29. 29. NALEBUFF AND MILLENDER TECHNIQUE • FOR CORRECTION OF SWAN NECK • DEFORMITY • Begin a slightly curved dorsal incision at the midportion of the proximal phalanx, continue it distally from this point over the dorsolateral aspect of the proximal interphalangeal joint and over the middle of the middle phalanx, and traverse obliquely dorsally to form the tail of a J (Fig. 70-16A
  30. 30. Nalebuff and Millender technique for correction of swan-neck deformity. Skin incision is shown curved to permit release of contracted skin. Incision should not be completely sutured. Lateral tendons are mobilized by two longitudinal releasing incisions, and joint is flexed
  31. 31. • Elevate the skin carefully, taking with it the veins • Make a longitudinal incision between each lateral band and the central tendon, releasing them from their fixed dorsal position • Passively flex the proximal interphalangeal joint to observe that the lateral bands now slip volarward, sliding over the condyles of the joint • A synovectomy can now be done, and good passive motion usually is established unless there is a bulging synovitis of the flexors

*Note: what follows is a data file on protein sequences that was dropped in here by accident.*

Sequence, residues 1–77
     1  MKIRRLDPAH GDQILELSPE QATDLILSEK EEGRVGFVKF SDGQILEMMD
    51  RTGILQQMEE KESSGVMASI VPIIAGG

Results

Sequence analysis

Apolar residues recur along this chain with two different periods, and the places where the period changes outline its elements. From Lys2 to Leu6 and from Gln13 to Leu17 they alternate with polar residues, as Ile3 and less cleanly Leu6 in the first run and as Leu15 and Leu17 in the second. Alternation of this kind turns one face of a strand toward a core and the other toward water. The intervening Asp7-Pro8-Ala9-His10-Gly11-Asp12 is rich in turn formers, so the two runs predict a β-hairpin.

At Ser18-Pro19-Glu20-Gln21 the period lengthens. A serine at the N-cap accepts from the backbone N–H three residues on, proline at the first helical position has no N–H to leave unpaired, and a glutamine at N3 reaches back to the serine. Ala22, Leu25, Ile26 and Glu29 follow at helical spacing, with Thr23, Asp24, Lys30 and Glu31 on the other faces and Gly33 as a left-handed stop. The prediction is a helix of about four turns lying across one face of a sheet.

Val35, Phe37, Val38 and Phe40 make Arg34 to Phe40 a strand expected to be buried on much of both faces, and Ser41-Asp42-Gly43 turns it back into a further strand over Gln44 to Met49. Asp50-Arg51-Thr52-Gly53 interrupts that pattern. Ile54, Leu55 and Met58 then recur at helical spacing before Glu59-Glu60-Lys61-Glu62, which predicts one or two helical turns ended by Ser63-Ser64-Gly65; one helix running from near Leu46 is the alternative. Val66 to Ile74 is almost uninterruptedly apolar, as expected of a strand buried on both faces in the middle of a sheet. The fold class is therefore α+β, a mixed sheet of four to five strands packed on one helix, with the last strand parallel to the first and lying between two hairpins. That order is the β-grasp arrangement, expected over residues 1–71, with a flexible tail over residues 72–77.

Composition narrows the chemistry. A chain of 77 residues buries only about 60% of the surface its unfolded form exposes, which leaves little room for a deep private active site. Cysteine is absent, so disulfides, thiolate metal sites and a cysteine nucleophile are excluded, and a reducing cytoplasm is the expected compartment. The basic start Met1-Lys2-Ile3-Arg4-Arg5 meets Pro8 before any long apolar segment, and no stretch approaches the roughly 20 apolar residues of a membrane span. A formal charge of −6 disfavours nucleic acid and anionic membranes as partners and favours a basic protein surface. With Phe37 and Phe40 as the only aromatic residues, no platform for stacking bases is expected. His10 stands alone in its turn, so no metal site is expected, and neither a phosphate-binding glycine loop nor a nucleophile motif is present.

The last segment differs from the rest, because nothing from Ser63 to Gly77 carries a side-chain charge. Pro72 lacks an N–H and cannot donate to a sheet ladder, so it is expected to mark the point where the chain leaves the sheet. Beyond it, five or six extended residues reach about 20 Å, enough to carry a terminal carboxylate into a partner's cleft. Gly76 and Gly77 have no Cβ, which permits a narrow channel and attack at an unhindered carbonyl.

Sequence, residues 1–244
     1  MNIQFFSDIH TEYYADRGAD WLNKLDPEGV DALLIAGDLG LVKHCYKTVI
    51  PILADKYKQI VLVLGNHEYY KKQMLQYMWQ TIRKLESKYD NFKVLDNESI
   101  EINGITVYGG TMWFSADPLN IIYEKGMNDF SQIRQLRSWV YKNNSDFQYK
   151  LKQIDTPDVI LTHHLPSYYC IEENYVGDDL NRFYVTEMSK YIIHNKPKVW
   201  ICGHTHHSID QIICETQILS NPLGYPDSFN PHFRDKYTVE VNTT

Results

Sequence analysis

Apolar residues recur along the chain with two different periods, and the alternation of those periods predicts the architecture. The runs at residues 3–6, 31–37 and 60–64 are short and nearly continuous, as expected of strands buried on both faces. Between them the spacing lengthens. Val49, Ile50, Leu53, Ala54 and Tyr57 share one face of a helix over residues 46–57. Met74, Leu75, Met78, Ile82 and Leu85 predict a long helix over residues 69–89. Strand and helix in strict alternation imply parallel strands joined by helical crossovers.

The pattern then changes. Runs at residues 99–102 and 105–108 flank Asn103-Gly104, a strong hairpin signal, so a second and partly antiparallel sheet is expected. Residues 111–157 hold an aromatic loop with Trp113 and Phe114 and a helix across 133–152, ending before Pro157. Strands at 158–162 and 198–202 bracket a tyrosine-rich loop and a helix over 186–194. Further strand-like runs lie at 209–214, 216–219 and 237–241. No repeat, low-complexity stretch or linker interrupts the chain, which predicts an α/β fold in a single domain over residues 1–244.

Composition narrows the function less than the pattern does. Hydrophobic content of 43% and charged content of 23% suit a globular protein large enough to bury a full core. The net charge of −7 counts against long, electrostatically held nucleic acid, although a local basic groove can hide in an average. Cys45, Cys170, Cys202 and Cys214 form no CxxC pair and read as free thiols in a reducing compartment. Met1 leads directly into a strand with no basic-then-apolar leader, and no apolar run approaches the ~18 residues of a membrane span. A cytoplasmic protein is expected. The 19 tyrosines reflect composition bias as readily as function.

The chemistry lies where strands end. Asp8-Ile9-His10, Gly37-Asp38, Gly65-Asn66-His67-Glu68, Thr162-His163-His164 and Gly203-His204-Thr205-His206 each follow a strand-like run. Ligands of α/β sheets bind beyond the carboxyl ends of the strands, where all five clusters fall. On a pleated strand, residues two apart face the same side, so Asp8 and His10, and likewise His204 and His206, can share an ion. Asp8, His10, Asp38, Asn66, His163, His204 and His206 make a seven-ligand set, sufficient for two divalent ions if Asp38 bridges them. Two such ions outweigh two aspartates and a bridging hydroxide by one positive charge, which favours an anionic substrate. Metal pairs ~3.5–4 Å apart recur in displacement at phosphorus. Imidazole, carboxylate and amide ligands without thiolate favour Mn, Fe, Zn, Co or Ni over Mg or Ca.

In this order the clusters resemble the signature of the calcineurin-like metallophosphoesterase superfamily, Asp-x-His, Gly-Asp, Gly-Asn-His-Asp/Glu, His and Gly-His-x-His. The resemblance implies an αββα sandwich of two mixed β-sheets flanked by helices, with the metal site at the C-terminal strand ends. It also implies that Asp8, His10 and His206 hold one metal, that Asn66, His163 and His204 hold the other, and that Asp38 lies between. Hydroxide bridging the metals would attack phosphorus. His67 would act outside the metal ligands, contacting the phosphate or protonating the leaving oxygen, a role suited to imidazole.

32. 32. • Suture the skin incision proximally. Distally suturing may not be possible; the distal incision, being placed obliquely across the middle phalanx, gapes open and accomplishes a skin release. If the distal portion of the skin incision is sutured routinely, it might contribute again to hyperextension of the joint. The open portion of the incision usually heals without a graft in about 2 weeks